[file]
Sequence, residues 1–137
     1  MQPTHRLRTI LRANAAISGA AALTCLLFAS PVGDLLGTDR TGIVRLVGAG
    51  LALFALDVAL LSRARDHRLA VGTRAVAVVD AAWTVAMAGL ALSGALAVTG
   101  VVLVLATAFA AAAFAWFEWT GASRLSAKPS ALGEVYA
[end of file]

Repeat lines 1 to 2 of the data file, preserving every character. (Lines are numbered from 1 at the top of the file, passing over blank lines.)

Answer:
Sequence, residues 1–137
     1  MQPTHRLRTI LRANAAISGA AALTCLLFAS PVGDLLGTDR TGIVRLVGAG